If I had to describe "Sambo Steve" (born: Steve Koepfer) in one word, it would be "ubiquitous". Why? Because when it comes to MMA in New York, the dude is everywhere.
Want to learn sambo? Go to his New York Combat Sambo school in Midtown Manhattan. Want to fight on a local show? He'll hook you up and manage you. Want to put together an event, hire a fight judge, organize a refereeing seminar, make a movie or help with the movement to get MMA sanctioned here? Steve's your guy, the Leonardo Da Vinci of combat sports, the Renaissance Man of all things fighting. The U.S. Army Special Forces uses a computer program that crunches the social media of terrorist cells and determines which individuals are the focal point of that particular group of bad guys; if that program was fed the info of those in the New York combative sports scene, Steve would be point where all lines intersect.
Since it's Thursday - Day Three of my "7 Days in NYC" whirlwind tour - I hop on the subway into the city to pay him a visit.
I have no clue when I first met him. Steve was always just there. He was the only American teaching sambo in the Five Boroughs, one of the people behind the old Battle of Brooklyn multi-discipline shows at Gleason's Gym in Brooklyn, a cornerman at Brian Cimins' Sportfighting shows in New Jersey, and the organizer of those "legalize MMA" rallies a couple years back. When Kaream Ellington had a fight coming up against PRIDE veteran Kenichi Yamamoto in Atlantic City back in 2006, I told Kaream he should train leglock counters with Sambo Steve (he did; they worked; he won). Once I hitched a ride with Steve down to Philadelphia and shadowed his fighter Anthony Pipola for a day. In some way, shape or form, Steve's been connected to every aspect of the sport I've been writing about for the 13 years. Picking out where in my timeline he made his entrance... well, sorry, can't do it.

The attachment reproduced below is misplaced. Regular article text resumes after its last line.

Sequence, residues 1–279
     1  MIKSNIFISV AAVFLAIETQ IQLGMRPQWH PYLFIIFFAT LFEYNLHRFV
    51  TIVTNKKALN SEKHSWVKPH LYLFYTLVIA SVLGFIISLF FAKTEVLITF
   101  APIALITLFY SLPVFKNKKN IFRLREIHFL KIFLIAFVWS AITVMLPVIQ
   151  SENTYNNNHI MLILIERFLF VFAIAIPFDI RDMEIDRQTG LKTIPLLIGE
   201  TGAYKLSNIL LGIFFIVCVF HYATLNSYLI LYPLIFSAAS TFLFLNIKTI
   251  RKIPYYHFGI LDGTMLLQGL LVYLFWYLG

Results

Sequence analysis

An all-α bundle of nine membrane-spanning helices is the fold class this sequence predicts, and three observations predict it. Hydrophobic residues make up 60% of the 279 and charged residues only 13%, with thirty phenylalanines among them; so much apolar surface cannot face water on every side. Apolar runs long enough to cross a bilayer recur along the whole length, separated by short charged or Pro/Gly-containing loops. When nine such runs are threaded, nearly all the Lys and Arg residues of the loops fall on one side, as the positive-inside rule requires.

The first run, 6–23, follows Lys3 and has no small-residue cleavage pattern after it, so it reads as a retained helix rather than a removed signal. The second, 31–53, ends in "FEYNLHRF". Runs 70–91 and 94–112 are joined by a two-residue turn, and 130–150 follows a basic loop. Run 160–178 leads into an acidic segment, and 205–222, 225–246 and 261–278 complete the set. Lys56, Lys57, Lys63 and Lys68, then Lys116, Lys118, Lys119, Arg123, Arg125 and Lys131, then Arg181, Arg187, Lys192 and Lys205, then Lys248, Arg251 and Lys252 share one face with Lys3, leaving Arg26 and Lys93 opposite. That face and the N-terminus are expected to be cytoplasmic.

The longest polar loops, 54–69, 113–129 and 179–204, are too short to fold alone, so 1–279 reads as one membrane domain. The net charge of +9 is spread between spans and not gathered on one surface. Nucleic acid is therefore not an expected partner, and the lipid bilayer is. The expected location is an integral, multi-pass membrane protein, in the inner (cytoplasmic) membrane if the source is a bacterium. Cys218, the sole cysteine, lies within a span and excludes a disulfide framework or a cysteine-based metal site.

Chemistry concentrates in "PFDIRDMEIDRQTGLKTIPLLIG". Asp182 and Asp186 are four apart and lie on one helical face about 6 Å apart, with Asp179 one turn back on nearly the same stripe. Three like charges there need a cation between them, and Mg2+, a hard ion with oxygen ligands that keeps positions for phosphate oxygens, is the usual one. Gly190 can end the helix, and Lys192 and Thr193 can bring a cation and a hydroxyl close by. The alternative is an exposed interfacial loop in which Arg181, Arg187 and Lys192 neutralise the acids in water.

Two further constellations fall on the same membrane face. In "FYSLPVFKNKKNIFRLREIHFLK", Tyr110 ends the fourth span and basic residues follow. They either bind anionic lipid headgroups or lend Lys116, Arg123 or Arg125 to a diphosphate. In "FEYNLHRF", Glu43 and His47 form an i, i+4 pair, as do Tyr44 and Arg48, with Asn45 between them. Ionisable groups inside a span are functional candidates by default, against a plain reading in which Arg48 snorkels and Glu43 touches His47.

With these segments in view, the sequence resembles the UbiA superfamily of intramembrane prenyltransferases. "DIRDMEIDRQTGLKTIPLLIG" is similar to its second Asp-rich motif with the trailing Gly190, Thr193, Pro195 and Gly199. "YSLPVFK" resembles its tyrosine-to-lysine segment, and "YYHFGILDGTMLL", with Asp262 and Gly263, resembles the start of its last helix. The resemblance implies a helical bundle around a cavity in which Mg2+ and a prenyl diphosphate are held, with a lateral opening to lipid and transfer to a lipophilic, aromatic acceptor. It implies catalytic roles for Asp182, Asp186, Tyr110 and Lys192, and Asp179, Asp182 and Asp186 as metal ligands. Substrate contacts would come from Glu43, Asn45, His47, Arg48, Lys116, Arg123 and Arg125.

When I arrive at Steve's school, he's rapping with Tyga Maclin, New York Combat Sambo's wrestling coach. Tomorrow, team member Brad Desir will be fighting at the XFE show in Philly, so they're talking shop about that. Then Tyga heads on out, and it's just Steve and I, chatting on the mat.
Since so much of the grappling training done throughout the Five Boroughs is of the Brazilian Jiu-Jitsu variety, I ask what it's been like being one of the few treading different waters.
"It's not easy. There's a lot of misconceptions about sambo, of course. It's always a little more difficult to be the minority guy. But I think in the end grappling is grappling. If you go to a grappling competition, I don't look at it more like a sambo thing or a jiu-jitsu thing."Being different does have it's advantages, though. At New York Combat Sambo's open mat days, grapplers from all the various schools converge to train. It's not uncommon to see pro fighters from the Tiger Schulmann camp there, or jiu-jitsu studs from Renzo's. How did that kind of open atmosphere come about?